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Utilization of Recycled Materials in Illinois Highway Construction

Glass Beads

Origin:
Virgin glass, in general, is a molten mixture of sand (silicon dioxide-a.k.a. silica), soda ash (sodium carbonate), and/or limestone supercooled to form a rigid solid (1). Glass beads, in particular, are a product of recycled soda-lime glass. This material's primary source is from manufacturing and postconsumer waste. At recycling centers, recovered glass is hand sorted by color (clear, amber, and green), and then crushed to customized sizes.
Physical Properties:
Glass beads are transparent, sand-sized, solid glass microspheres (3).
Engineering Value:
Glass beads can enhance the nighttime visibility of various objects through the fundamentals of retro-reflectivity-light is reflected back to its source, for instance, vehicle headlights.
Present Application:
The Department uses two types of glass beads-Type A (uncoated) and Type B (silicone coated, moisture resistant)-depending on the method of application (drop-on or intermix) and the type of pavement marking paint used (solvent-based, waterborne, or thermoplastic). Glass beads are utilized in many traffic control devices including reflective sheeting decals, pavement striping, and pavement marking tape. Essentially all traffic lines on highways contain glass beads, which improve the overall safety of nighttime highway travel. Outside the Department, glass beads are utilized in license plates, movie screens, and reflective fabrics (3, 5).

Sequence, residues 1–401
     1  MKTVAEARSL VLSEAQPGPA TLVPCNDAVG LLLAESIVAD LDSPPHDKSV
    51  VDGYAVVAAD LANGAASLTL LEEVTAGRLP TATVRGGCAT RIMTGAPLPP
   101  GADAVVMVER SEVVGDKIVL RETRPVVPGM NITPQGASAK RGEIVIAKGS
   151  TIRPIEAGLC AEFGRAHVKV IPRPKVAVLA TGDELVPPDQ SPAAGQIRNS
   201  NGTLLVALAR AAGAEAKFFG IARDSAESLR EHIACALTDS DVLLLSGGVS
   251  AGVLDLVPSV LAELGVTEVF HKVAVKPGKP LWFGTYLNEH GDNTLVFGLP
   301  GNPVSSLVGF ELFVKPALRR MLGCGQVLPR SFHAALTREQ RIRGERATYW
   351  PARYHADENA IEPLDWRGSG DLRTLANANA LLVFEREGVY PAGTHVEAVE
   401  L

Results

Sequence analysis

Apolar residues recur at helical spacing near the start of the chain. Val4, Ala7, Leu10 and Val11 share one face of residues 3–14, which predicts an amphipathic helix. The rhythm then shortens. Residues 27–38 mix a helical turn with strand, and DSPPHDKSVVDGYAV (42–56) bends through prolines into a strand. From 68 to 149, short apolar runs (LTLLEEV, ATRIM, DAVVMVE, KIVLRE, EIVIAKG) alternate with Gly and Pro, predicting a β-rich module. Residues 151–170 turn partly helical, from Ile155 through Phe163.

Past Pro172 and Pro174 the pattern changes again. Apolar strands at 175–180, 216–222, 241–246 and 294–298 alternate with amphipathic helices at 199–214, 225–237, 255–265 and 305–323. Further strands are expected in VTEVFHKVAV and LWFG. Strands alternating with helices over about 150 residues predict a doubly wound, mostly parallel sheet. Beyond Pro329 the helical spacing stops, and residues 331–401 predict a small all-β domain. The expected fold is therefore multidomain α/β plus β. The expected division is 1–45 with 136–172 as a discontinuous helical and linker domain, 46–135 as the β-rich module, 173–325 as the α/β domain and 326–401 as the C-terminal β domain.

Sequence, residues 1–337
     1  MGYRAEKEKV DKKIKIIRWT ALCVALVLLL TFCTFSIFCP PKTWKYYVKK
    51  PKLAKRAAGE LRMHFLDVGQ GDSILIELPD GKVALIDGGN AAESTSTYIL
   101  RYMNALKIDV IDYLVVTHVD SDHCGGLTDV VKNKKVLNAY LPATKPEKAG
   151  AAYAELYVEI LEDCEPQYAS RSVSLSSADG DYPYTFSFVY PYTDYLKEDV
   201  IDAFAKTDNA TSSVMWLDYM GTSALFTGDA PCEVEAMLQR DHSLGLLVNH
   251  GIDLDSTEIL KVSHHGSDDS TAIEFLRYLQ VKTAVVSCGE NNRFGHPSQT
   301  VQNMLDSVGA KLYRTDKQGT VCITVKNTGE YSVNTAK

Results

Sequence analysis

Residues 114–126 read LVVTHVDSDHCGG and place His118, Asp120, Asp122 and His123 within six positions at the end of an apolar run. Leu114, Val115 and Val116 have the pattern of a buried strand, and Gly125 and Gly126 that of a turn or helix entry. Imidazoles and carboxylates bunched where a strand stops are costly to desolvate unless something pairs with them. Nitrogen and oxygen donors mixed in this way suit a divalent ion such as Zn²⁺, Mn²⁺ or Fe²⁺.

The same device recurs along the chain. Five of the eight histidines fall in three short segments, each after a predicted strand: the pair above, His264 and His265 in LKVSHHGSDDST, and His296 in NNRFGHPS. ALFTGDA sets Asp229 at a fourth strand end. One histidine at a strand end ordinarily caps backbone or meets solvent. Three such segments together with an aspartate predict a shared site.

Quantity Used:
7,310 tons (2001 MISTIC estimate).
Economic Impact:
The use of glass beads, as an alternative to their disposal, has created a market for material recovery facilities specializing in waste glass recycling. Since soda-lime glass cannot be re-melted by glass manufacturers, the production of glass beads avoids the necessity of land filling (1). In 2001, the Department spent approximately $2,490,000 on glass beads.
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Updated: 04/07/2011
 

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United States Department of Transportation - Federal Highway Administration